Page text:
When the Lebanese Armenians were forced to flee their country because of a similar war, no one was there to help them. You don’t hear of the Armenian Syrian population providing them with homes and jobs. They went through enough trials to last a few lifetimes, but they survived and prospered. When the Iraqi Armenians fled for similar reasons, they were also faced with a lack of helping hands as well. Yet Armenia was always there, albeit not always giving enough, albeit stingy with its budget, but there nonetheless. The Lebanese didn’t even have that option.
This mentality of being greeted like royalty, simply because you arrive in your own homeland, is utterly absurd. We all know what Armenia is like. We know that the people in the country wallow in poverty. Yet, those currently arriving there from Syria do receive stipends, albeit not very sizeable. There are multiple streams of help flowing to them. However, the only thing we are shown is those who think they are too good to be treated thus and who believe they deserve better.
When you are fleeing for your life, be grateful you have a homeland who accepts you with open arms. If there is a problem, fix it or become a part of the solution. Money doesn’t grow on trees and if anyone believes that any other country will give the same welcome found in Armenia, he/she is sorely mistaken. The whole of the diaspora has mobilized to help the Syrian Armenians as best we can. Enough is enough on the complaints! Beggars cannot be choosers….
When it comes to Armenians and Armenia, we have tongues long enough to span the world. However, when it comes to anything else, we are sheep that refuse to raise bowed heads… It is a rather disgusting situation. We should learn something from the Jews and actually care about our own people for once, instead of constantly shooting ourselves down.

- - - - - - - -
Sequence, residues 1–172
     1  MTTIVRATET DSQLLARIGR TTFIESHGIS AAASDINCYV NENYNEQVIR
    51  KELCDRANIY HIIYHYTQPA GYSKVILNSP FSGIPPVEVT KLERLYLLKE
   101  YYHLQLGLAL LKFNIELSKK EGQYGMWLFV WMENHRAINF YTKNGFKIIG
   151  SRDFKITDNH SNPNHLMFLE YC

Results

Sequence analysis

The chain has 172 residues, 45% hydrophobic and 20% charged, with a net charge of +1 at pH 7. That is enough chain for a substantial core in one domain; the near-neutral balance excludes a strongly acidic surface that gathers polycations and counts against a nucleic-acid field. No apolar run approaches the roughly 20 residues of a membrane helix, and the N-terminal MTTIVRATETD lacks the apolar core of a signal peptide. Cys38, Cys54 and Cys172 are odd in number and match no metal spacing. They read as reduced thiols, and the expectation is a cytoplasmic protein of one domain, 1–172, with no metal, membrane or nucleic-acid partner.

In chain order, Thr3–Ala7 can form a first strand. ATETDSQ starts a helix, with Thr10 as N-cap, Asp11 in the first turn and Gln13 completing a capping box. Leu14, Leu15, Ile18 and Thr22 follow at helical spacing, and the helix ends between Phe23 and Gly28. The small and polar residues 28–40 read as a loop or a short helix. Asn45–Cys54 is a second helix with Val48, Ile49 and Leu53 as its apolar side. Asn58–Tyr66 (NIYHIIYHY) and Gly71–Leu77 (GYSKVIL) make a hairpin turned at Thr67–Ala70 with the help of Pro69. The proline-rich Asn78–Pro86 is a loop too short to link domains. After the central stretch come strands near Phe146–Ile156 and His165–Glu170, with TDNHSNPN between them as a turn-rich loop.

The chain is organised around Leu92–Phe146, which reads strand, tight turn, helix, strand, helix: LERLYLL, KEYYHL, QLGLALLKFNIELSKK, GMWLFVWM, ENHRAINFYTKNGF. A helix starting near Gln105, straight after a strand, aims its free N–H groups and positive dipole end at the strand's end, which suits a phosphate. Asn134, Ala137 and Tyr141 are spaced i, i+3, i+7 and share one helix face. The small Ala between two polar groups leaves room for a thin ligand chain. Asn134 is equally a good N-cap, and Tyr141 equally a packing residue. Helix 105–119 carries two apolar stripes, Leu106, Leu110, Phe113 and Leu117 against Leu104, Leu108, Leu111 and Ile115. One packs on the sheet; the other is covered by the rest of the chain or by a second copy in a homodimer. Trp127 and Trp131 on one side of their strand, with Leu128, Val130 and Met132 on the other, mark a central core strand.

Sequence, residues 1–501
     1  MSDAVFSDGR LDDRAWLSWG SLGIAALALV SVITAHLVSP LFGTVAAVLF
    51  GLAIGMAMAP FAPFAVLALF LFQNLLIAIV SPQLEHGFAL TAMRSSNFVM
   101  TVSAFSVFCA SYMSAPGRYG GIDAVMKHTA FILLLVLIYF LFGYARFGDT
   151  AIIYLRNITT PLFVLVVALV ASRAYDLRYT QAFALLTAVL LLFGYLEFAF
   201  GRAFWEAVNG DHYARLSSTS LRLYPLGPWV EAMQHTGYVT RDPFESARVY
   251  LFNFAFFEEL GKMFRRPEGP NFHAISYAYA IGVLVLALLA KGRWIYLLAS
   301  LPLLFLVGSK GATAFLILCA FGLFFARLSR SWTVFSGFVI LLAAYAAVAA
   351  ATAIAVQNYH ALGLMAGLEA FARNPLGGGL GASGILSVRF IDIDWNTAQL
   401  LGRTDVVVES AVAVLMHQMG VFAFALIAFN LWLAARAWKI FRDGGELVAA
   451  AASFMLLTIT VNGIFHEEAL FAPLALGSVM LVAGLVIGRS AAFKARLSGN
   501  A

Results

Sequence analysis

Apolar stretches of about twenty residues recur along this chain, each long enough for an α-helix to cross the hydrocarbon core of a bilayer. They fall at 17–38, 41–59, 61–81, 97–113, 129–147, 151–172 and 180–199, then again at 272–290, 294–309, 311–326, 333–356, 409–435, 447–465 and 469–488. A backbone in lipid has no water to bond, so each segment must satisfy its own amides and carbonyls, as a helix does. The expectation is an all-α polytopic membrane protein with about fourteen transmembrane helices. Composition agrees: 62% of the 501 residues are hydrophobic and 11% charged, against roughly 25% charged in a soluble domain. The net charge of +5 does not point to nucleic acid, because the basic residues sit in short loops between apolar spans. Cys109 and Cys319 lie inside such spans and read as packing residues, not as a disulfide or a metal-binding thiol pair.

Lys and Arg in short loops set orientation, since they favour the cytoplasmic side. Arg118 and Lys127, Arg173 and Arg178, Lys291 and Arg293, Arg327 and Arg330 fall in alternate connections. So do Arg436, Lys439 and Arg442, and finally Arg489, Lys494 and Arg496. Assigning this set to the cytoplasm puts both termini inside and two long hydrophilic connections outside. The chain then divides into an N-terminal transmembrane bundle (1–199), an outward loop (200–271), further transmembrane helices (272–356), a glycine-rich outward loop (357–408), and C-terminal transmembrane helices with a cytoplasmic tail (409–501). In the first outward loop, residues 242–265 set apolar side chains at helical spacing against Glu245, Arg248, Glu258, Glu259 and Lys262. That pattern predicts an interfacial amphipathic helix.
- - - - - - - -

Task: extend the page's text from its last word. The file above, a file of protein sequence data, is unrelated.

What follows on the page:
I’m not generalizing to all Syrian Armenians here, but the “news” that’s presented to the outside world is that of disgruntlement and unnecessarily demeaning remarks. The Syrian population is shown as spoiled and ungrateful, while Armenia is presented as a place that is both unwelcoming and repulsive… “My cousin, her husband and children actually left all they had here (home, job, family) and went to Armenia to live there. The next thing we knew is that they both have a decent job (hence her, for example, having the job of a school’s principal). Your CV is another thing you should think about,” said a friend of mine. There are many families like this who have integrated well into the system but they are never shown on the media.
The motherland requires an influx of educated Armenians who love their country and wish to see it prosper. This war has brought in many who fit this category. It will be a difficult journey, but the end of the tunnel is bright and beautiful. Swimming against the grimy current is all that is required to rebuild the paradise lost long ago. It’s not an easy trek, but not at all impossible either. Instead of focussing on the negatives of our homeland and people, perhaps it would be wise to consider the positives and build upon those. Երբ չի մնում ելք ու ճար, խենթերն են գտնում հնար…